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Managing Life On The Go With Astrid [Android]

Guest Poster

This post was contributed by a guest poster. More details below.
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Today, 40Tech is pleased to present a guest post by Tim Graves .

With all the various productivity apps floating around on the internet, it can become hard to filter through them all and pick one which suits your needs. In addition, with the rise of numerous paid apps, it can be difficult to determine whether one is right for your uses. Astrid, however, has made a name for itself among the prominent Android blogs. It is well-respected as one of the best task list apps available for Android users, and to boot, it’s free! So what makes Astrid so popular? Aside from the price point, the simple answer is: it works, and works well.

What does Astrid do?

Astrid is a Task/To-do List manager. As simple as that may sound, when combined with GTD, Astrid becomes a mobile powerhouse, capable of helping you keep your entire life organized and in the palm of your hand.

How does Astrid work?

The beauty of Astrid is in its tags and filters. Using Astrid as a stand-alone system on your Android handset, you can use tags to organize all of your tasks. You can use the tags to build out your GTD lists, and then use filters to show just the specific tasks you want shown in any given context. In addition, if you’re not a user of GTD, or even if you are, you can set up additional filters which will only show you specific tasks based upon a set of criteria you select.

In addition, you can set deadline dates and times, assign tasks a specific level of importance symbolized by a color-code, and add notes to track additional details related to a task. You can also set up reminders to go off at specific points for each task, or even hide a task so that it doesn’t show up in your task list until a certain time relative to the due date or a specific date/time you set. Recurring tasks are also available, and Astrid also allows you to track time spent on a particular task through the use of an in-app timer attached to each task.

As you continue adding more and new tasks to Astrid, you’ll no longer be able to see all your tasks on a single screen, or even in a short scroll. This is where filters and the search function truly begin to shine. As you gain a larger number of tasks, tags and filters become absolutely necessary. Tags allow you to categorize each individual task, and filters allow you to see only those specific tasks you want to see at any given time. Using the search function allows you to leverage the tag information you’ve built into each task to find a particular task when you need it.

And when you need to see a particular set of tasks at a glance, Astrid has provided a very basic widget for free. The widget is 2×2, and will show up to five tasks a time, from any filter you’ve set up. Also, if you’ve set up sync with Google Tasks or Producteev, you can show tasks from any list or workspace on the widget.

What else can I do with Astrid?

For even greater flexibility with your tasks, you can also sync Astrid with Google Tasks and Producteev. This will enable you to handle your task lists at your laptop or desktop as well as on your phone. It also opens up even more options for organization, especially through the use of Producteev’s workspaces.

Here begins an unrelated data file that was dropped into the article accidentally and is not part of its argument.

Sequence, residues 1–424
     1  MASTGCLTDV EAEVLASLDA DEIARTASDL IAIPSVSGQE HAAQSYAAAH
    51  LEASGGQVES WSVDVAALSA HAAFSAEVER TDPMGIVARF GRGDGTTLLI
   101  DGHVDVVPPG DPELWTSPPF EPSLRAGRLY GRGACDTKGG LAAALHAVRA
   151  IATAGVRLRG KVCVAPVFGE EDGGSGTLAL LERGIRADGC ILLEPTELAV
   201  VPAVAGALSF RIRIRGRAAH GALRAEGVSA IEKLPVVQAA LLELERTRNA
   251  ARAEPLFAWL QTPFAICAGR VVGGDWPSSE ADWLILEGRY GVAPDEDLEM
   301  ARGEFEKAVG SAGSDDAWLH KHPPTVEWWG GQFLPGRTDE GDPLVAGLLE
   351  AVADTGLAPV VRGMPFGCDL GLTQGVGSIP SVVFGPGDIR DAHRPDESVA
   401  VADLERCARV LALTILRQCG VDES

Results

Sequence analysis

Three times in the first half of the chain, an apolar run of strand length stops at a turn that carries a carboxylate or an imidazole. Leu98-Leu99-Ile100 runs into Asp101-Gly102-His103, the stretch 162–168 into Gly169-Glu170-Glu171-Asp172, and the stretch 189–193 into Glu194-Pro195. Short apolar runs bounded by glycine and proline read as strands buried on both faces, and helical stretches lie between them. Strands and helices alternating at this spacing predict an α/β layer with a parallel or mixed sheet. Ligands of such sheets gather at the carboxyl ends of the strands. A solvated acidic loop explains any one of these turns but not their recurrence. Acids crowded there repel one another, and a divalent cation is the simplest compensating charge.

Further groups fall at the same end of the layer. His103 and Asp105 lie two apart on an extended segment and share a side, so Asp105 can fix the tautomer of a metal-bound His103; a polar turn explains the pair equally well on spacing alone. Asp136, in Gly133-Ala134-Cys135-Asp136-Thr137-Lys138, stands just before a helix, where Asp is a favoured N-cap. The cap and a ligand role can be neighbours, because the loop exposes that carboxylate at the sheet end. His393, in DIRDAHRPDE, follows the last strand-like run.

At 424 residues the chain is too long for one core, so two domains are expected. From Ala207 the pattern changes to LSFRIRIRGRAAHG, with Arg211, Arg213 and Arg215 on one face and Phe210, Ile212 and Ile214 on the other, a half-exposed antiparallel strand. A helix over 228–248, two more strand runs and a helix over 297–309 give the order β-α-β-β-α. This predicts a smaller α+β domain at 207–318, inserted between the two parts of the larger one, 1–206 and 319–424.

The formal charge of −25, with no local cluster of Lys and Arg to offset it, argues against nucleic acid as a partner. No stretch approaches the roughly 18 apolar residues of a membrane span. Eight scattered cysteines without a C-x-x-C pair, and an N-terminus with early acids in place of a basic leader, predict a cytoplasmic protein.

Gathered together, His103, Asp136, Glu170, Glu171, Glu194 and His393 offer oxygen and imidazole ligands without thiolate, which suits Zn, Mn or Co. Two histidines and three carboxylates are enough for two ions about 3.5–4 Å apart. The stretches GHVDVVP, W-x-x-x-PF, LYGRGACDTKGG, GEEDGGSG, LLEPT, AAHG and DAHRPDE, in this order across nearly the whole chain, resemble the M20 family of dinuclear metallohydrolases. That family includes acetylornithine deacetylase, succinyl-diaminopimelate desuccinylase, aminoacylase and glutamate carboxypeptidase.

If the free app doesn’t completely meet your needs, however, the Astrid Power Pack is here to save the day. Included in this $3.99 purchase on the Market are 3 larger and fuller-featured widgets, the ability to add tasks via voice input, and voice reminders (on Android 2.1+), as well as priority support via email in the event that something goes wrong. I found this app very much worth the price, if only for the widgets. Included are 4×2, 4×3, and 4×4 widgets. Each of these enables the user to scroll through the selected task list within the widget, add new tasks quickly by loading right into the task-creation part of the Astrid app (and bring you right back to your homescreen and widget after saving the task), and check off completed tasks. And if you’re not as adroit with the tiny keyboard on your phone, the ability to add tasks by talking to your phone can be golden.
There is also another paid-for add-on available in the Android Market, the Astrid Locale Add-on, which apparently makes Astrid location- and situation-aware. If that doesn’t set off the paranoia and make you reach for the tinfoil hat, then read on: with the Locale add-on, Astrid is now capable of notifying you of work tasks when you’re at the office, or your grocery list when you’re near the store. Astrid will notify you of specific tasks based upon your particular location. This is an excellent means of tracking GTD contexts to help manage your time and task-completion.


While Astrid has its quirks in syncing with Producteev(my desktop task-management app of choice), it is a powerful task management app in its own right. In addition, despite the quirks and occasional hiccups in its sync with Producteev, Astrid does an excellent job of tracking my tasks and to-do lists and presenting them right where I need them: in the palm of my hand. If you need a mobile task-manager, and/or need a mobile tool to connect with your Producteev or Google Tasks account, Astrid is the go-to app of choice. Find it on the Android Market: Astrid Task/Todo List


Tim Graves blogs about writing and writes about blogging. Sometimes he even mixes it up and blogs about blogging. You can read more from him on his blog at or find him on Twitter, @TimGraves.